John Dalli has revealed that last August he wrote to Silvio Zammit, warning him in a legal letter that he would hold him responsible if he harmed his reputation.
The former European Commissioner told The Times that he wrote to Mr Zammit as soon as he heard certain allegations from OLAF, which was investigating trading in influence.
Mr Dalli said that Mr Zammit wrote back, but he gave no further details.
When contacted, Mr Zammit refused to comment.
Mr Dalli resigned over the case on Tuesday.
Meanwhile, Mr Dalli yesterday emphatically denied any knowledge of the cash-for-influence request made by Mr Zammit, his former canvasser to a Swedish tobacco company.
In a second interview with New Europe magazine in five days, Mr Dalli insisted he was not corrupt.
“Absolutely not,” he responded when asked whether he had any knowledge that a Maltese businessman was asking for money to alter EU tobacco legislation.
He gave the same answer when asked whether he was “bribable”.
Mr Dalli resigned as commissioner on Tuesday after an investigation by the EU’s anti-fraud unit, OLAF, found he was aware that a Maltese businessman was using his contacts with the EU Commissioner to trade in influence and he did nothing to stop or report this activity.
The businessman is restaurant owner and circus promoter Silvio Zammit, who until Tuesday was the Nationalist Party’s deputy mayor in Sliema.
Mr Zammit was named by Mr Dalli in the first interview he gave New Europe last week. The businessman owns Peppi’s restaurant in Sliema and was Mr Dalli’s canvasser on the 10th district at the last election.
Mr Zammit allegedly approached Swedish Match, a tobacco company, with an offer to influence the upcoming review of tobacco legislation if they paid him a large sum of money.
Swedish Match produces snus, a smokeless form of oral tobacco that cannot be sold in the EU except Sweden. The company has long clamoured for the sales ban to be lifted opening up a potential market of €300 million.
OLAF would only say the amount Mr Zammit asked for was “substantial” and no transaction ever took place because the company reported the matter to the Commission.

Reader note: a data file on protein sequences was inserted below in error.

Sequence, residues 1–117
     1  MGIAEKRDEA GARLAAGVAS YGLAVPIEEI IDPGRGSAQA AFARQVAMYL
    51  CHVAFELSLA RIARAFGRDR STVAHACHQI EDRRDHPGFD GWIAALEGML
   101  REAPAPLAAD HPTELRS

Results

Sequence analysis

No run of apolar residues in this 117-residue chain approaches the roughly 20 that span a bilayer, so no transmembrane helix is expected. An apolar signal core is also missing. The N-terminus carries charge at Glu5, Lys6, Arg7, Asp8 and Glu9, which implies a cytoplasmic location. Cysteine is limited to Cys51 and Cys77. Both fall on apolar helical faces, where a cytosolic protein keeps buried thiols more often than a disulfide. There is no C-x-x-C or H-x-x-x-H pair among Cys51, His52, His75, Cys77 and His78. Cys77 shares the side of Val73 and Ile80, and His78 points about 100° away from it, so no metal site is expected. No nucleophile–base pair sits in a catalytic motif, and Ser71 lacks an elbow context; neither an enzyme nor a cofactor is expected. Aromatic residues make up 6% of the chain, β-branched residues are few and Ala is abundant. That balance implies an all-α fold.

But on Friday Swedish newspaper Aftonbladet quoted a company official saying Mr Zammit asked for €60 million – €10 million to be paid immediately and €50 million when the ban was to be lifted.
Mr Zammit declined to comment on Swedish Match’s claims and Mr Dalli yesterday said these were “fantastic” figures. Mr Dalli reiterated this was entrapment by the tobacco industry to delay the legislative changes that would have tightened packaging regulations, among others.
When asked whether he knew Mr Zammit was speaking to the tobacco lobby on his behalf, Mr Dalli specified he had “absolutely no knowledge of this communication”, with reference to the illegal request.
Mr Zammit had in fact organised two meetings between Mr Dalli and snus lobbyists in 2010 and last January. The businessman has denied any wrongdoing, insisting his lobbying activity was above board.
Mr Dalli insisted whoever was proposing a change in the treatment of snus in Europe was “crazy” because a court had already thrown out a challenge to the ban. “It is political suicide to change anything like this,” he said.
During the interview, Mr Dalli was presented with an extract from a report compiled by tobacco company Philip Morris in August.
The report quoted OLAF head Giovanni Kessler supporting the position of tobacco companies against changes to packaging rules.
Mr Dalli’s reaction was a jibe at Dr Kessler: “If anybody is investigating Giovanni Kessler he will be using this as unambiguous circumstantial evidence.”
This was a reference to OLAF’s conclusions that “unambiguous circumstantial evidence” connected Mr Dalli with Mr Zammit and the attempt to trade in influence.
The extract quoted in the interview makes reference to testimony Dr Kessler gave an Italian parliamentary committee in June where he said changing tobacco packaging – as proposed by Mr Dalli – would make counterfeiting easier and cheaper.
Mr Dalli said the postponement of new tobacco legislation meant the tobacco industry will continue to make billions of euros every day at the expense of people’s health.
In a subsequent interview yesterday with Aftonbladet, Mr Dalli said he wanted to obtain a copy of the report to find out the accusations being levelled against him and said he would take legal action in Malta, Brussels and Luxembourg to clear his name.